This intertwining of generative methods and generativity-as-theme is perhaps nowhere more prominent than in Capture (2009), another of Chatonsky's works to feature an elaborate narrative frame
National Post columnist Michael den Tandt was the first to label this narrative frame
as "the hero's journey," writing: "A young warrior appears, often of secretly noble parentage.
Cutrofello maintains that these five themes not only roughly correspond to the five successive stages of the play but also "provide a narrative frame
for a history of the development of modern philosophical conceptions of negation from Descartes to the present.
Caligari (1920), in which the studio allegedly imposed a narrative frame
on the film's tale of power gone mad: The teller of such a tale can himself only be mad, because power, after all, is benevolent.
Rather than keeping its opening exposition intact, they split it into two pails to create a narrative frame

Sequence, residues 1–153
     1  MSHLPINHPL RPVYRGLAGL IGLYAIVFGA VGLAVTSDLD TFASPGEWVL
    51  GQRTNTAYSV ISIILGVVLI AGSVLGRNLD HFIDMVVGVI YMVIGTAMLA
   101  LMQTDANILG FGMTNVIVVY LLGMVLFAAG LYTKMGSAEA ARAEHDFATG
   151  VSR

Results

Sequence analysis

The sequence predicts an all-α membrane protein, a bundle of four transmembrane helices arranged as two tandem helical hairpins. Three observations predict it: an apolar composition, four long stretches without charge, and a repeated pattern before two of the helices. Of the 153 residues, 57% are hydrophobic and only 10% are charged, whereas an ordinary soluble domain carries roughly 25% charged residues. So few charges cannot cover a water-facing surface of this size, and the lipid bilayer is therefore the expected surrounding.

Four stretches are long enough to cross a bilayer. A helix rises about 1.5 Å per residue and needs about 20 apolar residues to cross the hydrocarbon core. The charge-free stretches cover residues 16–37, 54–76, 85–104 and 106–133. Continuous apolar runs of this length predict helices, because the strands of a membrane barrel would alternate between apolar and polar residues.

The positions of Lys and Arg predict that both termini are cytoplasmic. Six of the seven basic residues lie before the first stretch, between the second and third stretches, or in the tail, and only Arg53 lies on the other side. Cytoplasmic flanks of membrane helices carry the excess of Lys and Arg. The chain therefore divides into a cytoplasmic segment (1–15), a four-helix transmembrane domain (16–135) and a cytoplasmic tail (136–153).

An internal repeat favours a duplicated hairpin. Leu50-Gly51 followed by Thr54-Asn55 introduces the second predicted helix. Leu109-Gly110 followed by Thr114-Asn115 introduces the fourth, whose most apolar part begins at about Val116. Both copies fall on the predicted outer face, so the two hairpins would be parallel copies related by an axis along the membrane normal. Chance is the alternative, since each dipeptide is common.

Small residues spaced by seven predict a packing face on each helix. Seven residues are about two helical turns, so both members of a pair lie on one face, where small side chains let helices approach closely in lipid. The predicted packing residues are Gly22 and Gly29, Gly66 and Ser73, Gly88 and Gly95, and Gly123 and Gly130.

Vaughan engages constructions of femininity and women's voices in her chapter on The Distaff Gospels, a fifteenth century French text that places women's folklore into male-authored narrative frame
Bristling with arguments about the complexities of black identity in a supposedly post-racial America, this lively and articulate campus-set comedy proves better at rattling off ideas and presenting opposing viewpoints than it does squeezing them into a coherent narrative frame
rightly emphasizes the properly prophetic character of this narrative frame
breaking (metasyntax) and calls needed attention to Luke the (centoist) poet.
This intrinsic side of Watts's "method" is attentive to formal elements, such as textual paradoxes, framing narrative techniques, mirroring effects between the narrative frame
and what it frames, and ironic reversals of perspectives.
Visual and conceptual alignment, however, are reserved for US soldiers, while a narrow narrative frame
allows for allegiance with only the faction around Sgt.
The argument is taken up immediately in the narrative frame
, a conversation about marriage among a group of strangers on a train (PSS 27: 7-15).
Thus, interviewees have little to no control over the manner in which their responses are translated into the narrative frame